|Stranded Jem'Hadar soldiers prepare for a last stand.|
Under attack, Sisko and his crew take refuge in a nebula - only to see their already-crippled Jem'Hadar ship lose all ship function just before crashing into an unknown planet. Also stranded on the planet are a handful of Jem'Hadar survivors of a similar crash. Their situation is even more dire than Sisko's. Their First and Second were killed in the crash, leaving Jem'Hadar Third Remata'klan (Phil Morris) in command. They are running low on ketracel white, and their Vorta, Keevan (christopher Shea), is mortally-injured.
When Keevan learns that a Starfleet crew is on the planet, he hatches a plot to save his own life. The Jem'Hadar take Garak and Nog prisoner. Keevan then sends Remat'Klan to offer a trade: The two crew members in exchange for the help of Dr. Bashir and a negotiation with Sisko.
Bashir is able to stabilize Keevan, at which point the Vorta offers an even greater trade: In exchange for his life, he will give them the means to contact Starfleet. But first he'll have to deal with the Jem'Hadar, whom the Vorta plans to send into an inescapable ambush...
Capt. Sisko: Is appalled by Keevan's offer, but doesn't see any immediate alternative. Keevan will send the Jem'Hadar to attack regardless of Sisko's acceptance, so the choices are literally kill or be killed. In his interactions with Remata'klan, it's clear that Sisko feels the same respect for this Jem'Hadar that he previously had felt for Omet'iklan in To the Death. He hopes to get through to Remata'klan, to convince him that Keevan is not worthy of his loyalty - but given the heavy conditioning the Jem'Hadar have received to obey the Vorta no matter what, he knows his chances aren't even good enough to describe as "slim."
Kira: "When I was in the Resistance, I despised people like me." She looks even more beaten down and exhausted than in the last episode. And it's no wonder. Pragmatism makes her priority to maintain the status quo of a bloodless Occupation. This involves agreeing to Vorta facilitators coming to Bajor, and defending that choice to the outraged Vedek Yassim (Lilyan Chauvin). Yassim accuses Kira of being an "apologist" for the Dominion, and demands to know what it will take for her to fight back. Kira herself worries that she has become a collaborator, and resolves to take action - though exactly what action that may be is yet to be revealed.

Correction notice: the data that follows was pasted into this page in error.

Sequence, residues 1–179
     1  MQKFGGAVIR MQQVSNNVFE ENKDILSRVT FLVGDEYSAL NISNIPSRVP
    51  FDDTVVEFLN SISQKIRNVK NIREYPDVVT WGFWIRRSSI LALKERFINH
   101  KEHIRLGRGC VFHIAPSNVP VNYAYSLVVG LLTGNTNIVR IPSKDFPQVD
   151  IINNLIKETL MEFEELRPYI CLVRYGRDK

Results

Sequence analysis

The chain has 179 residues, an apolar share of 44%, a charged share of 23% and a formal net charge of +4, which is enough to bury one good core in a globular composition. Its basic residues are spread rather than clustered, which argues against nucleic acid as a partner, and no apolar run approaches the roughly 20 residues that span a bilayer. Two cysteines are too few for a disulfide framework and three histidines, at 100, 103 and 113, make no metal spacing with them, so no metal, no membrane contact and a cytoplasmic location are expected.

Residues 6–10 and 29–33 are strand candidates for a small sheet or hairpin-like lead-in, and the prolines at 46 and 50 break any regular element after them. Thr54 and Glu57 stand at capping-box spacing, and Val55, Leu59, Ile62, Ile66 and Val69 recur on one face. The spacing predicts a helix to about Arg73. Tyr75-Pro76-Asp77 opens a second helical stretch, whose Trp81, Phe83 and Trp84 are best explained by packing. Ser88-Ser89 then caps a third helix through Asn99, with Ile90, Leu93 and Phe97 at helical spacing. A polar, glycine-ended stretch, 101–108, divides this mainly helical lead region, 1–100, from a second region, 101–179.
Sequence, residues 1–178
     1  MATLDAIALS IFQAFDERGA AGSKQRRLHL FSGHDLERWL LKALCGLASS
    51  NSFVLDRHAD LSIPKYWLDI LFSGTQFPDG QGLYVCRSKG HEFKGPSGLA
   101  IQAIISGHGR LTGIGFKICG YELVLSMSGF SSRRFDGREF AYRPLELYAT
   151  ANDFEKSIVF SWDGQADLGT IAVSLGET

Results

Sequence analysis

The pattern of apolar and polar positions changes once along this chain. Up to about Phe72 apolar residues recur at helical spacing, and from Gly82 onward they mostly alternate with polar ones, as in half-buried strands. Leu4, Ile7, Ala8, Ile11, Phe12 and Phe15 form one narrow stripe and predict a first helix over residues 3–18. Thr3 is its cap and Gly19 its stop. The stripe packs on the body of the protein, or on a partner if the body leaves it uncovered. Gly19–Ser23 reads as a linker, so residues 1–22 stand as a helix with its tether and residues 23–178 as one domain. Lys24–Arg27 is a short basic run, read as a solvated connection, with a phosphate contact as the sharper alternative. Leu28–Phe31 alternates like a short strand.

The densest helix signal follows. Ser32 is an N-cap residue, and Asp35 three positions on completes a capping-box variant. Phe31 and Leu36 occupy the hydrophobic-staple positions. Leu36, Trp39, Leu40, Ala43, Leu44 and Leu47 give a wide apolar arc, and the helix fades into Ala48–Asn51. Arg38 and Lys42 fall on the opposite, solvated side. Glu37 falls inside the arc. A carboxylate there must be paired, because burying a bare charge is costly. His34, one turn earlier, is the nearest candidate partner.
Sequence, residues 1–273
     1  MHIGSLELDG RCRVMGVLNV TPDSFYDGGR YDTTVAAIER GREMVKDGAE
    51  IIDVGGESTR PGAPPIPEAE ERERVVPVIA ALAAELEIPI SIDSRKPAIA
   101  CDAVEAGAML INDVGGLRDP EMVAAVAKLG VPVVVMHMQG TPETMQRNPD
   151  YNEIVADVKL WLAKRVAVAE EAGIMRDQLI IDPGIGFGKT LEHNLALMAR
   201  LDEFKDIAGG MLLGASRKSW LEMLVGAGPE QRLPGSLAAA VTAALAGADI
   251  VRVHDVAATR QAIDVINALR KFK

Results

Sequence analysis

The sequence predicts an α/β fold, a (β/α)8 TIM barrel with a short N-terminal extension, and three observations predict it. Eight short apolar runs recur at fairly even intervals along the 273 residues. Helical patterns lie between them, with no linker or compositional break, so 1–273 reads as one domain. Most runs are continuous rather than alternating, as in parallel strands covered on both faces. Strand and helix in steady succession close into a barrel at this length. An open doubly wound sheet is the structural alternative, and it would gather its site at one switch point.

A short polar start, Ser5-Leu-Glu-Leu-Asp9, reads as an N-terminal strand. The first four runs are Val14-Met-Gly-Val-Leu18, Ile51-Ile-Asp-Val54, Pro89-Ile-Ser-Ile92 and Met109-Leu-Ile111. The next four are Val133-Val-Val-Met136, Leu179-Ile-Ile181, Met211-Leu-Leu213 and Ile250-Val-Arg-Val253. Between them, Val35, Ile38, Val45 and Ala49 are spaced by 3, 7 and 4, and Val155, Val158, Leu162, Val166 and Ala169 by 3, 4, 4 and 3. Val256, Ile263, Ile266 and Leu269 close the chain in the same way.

Dr. Bashir: When Dax is injured, he stabilizes her and continues to monitor the injuries to both Jadzia and to the Dax symbiote. When he is brought to Keevan, he takes in the Vorta's condition in a heartbeat and declares that any conversation between Keevan and Sisko will have to wait - Immediate surgery is required. In both cases, his actions are marked by a brisk efficiency. As was clear in the previous episode, most of Bashir's former good humor has been knocked away by the war.
Garak/Nog: When scouting with Nog, the Ferengi insists on walking either behind or beside Garak. When confronted, Nog reminds him of the incident on Empok Nor, brushing aside his protestations of outside influence: "It happened... You can either stand in front of me or walk beside me, but I won't turn my back on you again." Far from being offended, Garak smiles and congratulates the Ferengi, remarking that there may be hope for him yet.